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Vadnais Heights-based H.B. Fuller will lay off 300 of its 6,500 employees in a restructuring announced this week.

The maker of adhesives for construction, engineering and health and hygiene markets experienced weakness during the first quarter, most notably in construction adhesives, and it anticipates lower demand across all three of its segments.

The restructuring has an initial cost of $15 million to $20 million but will produce annual savings of $30 million to $35 million.

"Consistent with our strategic focus of continuously improving operational efficiency, we are implementing prudent and decisive actions to align our cost structure with lower volume expectations for 2023," the company said in an email.

For the first quarter ended March 4, the company earned $21.9 million, down 43% from the same quarter a year ago. Revenue of $809.2 million was down 5.5%. Adjusted earnings per share of 55 cents a share was down 31%.

The revenue and adjusted earnings per share declines were anticipated but missed analysts' expectations. The consensus among analysts was that the company would earn 59 cents on revenue of $825.4 million.

"Despite challenging demand conditions, particularly in Construction Adhesives, our team executed exceptionally well to deliver solid first quarter results that were in-line with our expectations," said Celeste Mastin, H.B. Fuller's new president and chief executive.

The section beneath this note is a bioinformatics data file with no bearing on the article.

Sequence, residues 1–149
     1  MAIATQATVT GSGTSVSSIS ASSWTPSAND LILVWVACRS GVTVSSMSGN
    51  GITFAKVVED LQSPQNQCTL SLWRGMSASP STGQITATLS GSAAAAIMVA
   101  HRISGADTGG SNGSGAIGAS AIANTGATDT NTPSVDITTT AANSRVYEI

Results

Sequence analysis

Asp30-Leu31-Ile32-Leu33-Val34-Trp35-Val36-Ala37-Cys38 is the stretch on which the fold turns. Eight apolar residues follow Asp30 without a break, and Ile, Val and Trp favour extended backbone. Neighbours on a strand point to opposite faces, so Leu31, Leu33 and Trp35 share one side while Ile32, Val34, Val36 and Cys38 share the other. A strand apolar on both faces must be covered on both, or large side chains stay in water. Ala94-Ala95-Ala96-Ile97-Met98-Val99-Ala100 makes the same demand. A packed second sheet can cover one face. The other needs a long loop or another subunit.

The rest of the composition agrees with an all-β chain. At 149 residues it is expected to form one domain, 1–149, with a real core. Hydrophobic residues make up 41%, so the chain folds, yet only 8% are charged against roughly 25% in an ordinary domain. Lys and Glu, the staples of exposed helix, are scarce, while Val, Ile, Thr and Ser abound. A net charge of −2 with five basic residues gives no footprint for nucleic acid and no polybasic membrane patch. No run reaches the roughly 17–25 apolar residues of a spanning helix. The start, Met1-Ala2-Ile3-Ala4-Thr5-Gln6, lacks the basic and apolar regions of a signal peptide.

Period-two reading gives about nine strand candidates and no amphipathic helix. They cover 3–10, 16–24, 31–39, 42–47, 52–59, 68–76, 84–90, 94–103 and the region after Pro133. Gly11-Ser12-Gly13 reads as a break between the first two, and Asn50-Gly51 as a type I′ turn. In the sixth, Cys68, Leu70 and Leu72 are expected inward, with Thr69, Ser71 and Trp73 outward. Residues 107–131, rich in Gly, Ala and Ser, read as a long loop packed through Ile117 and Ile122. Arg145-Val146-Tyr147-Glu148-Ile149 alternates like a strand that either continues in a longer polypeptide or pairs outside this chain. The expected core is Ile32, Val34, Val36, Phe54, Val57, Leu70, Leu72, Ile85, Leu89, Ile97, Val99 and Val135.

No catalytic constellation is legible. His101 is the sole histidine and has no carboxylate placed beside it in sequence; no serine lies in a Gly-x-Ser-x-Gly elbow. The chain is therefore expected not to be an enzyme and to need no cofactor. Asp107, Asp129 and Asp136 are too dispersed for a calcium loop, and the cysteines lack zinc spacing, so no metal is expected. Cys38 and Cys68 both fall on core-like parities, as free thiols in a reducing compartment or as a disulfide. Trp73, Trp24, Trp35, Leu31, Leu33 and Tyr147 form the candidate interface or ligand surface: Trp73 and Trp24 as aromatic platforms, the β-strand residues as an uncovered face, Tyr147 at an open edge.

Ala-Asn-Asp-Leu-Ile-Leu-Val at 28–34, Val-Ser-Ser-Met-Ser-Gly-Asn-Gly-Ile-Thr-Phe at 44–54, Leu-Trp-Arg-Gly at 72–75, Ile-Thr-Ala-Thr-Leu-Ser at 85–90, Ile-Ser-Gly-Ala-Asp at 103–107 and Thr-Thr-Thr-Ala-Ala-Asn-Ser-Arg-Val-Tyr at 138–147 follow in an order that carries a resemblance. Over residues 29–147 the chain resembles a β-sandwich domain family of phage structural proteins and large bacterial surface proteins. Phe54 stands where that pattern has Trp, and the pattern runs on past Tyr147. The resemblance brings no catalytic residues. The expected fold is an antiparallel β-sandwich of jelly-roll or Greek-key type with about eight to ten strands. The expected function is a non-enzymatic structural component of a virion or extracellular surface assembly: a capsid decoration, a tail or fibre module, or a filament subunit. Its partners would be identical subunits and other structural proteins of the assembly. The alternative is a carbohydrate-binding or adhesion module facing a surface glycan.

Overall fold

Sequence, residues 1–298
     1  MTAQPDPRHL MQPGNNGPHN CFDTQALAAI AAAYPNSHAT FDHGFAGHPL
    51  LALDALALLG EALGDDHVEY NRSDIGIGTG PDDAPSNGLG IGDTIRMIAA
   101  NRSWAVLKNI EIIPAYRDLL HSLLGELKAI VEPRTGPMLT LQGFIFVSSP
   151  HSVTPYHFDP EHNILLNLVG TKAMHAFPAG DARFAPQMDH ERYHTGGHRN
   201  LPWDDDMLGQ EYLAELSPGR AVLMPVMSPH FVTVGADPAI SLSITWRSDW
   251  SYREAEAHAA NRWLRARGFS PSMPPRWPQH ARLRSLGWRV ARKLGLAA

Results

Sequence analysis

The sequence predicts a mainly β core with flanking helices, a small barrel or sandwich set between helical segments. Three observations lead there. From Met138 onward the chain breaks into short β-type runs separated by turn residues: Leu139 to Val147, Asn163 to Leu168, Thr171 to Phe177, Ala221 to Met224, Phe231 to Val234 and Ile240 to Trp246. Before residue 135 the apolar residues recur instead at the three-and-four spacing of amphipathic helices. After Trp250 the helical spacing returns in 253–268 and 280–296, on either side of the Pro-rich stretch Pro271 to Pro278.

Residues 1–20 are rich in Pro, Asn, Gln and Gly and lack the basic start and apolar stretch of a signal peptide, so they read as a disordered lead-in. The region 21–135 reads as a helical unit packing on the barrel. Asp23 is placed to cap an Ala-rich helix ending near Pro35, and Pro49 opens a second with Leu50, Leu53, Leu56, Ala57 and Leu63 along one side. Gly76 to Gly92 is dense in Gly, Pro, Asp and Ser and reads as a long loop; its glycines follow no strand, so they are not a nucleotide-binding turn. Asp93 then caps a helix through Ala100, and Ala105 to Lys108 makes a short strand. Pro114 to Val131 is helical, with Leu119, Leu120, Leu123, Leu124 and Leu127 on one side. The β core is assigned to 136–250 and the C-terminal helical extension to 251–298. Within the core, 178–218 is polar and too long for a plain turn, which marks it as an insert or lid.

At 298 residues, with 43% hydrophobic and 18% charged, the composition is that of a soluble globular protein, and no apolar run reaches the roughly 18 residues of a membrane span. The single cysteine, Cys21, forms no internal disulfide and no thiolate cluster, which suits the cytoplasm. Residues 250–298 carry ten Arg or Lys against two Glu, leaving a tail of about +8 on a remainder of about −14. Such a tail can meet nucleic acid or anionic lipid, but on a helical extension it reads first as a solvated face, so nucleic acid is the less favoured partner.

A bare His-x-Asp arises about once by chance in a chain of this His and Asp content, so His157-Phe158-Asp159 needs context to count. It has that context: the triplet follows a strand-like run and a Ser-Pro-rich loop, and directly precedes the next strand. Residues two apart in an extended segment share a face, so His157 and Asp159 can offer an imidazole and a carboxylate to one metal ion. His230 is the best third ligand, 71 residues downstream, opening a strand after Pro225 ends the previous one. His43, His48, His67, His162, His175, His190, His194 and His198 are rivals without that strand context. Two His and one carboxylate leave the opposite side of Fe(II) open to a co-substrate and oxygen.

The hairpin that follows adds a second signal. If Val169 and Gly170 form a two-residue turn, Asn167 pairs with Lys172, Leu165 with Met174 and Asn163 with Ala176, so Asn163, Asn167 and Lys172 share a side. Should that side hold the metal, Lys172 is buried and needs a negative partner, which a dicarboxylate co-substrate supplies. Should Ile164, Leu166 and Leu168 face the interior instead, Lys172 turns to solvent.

Mastin, who succeeded former CEO Jim Owens on Dec. 4., said in the company's earnings release the restructuring was needed to lower the company's overall cost structure and increase the capacity utilization of its manufacturing network.

Mastin told analysts most of the restructuring would be in the construction adhesives segment where the company is seeing weakness in the commercial construction markets.

The company did offer guidance for its full fiscal year that will end Dec. 2nd saying it expects adjusted EPS in the range of $4.10 to $4.50 a share on revenue that is expected to be down 1% to 4%.

The company is confident in its guidance and is seeing encouraging signs. "We began to see margin expansion, driven by a combination of favorable price and raw material dynamics, and we expect this benefit to accelerate as we progress through the year," said a company spokesperson via email.

The company released its earnings Thursday and shares finished the day at $67.05, down 2% but recovered Friday and finished up for the week at $68.45.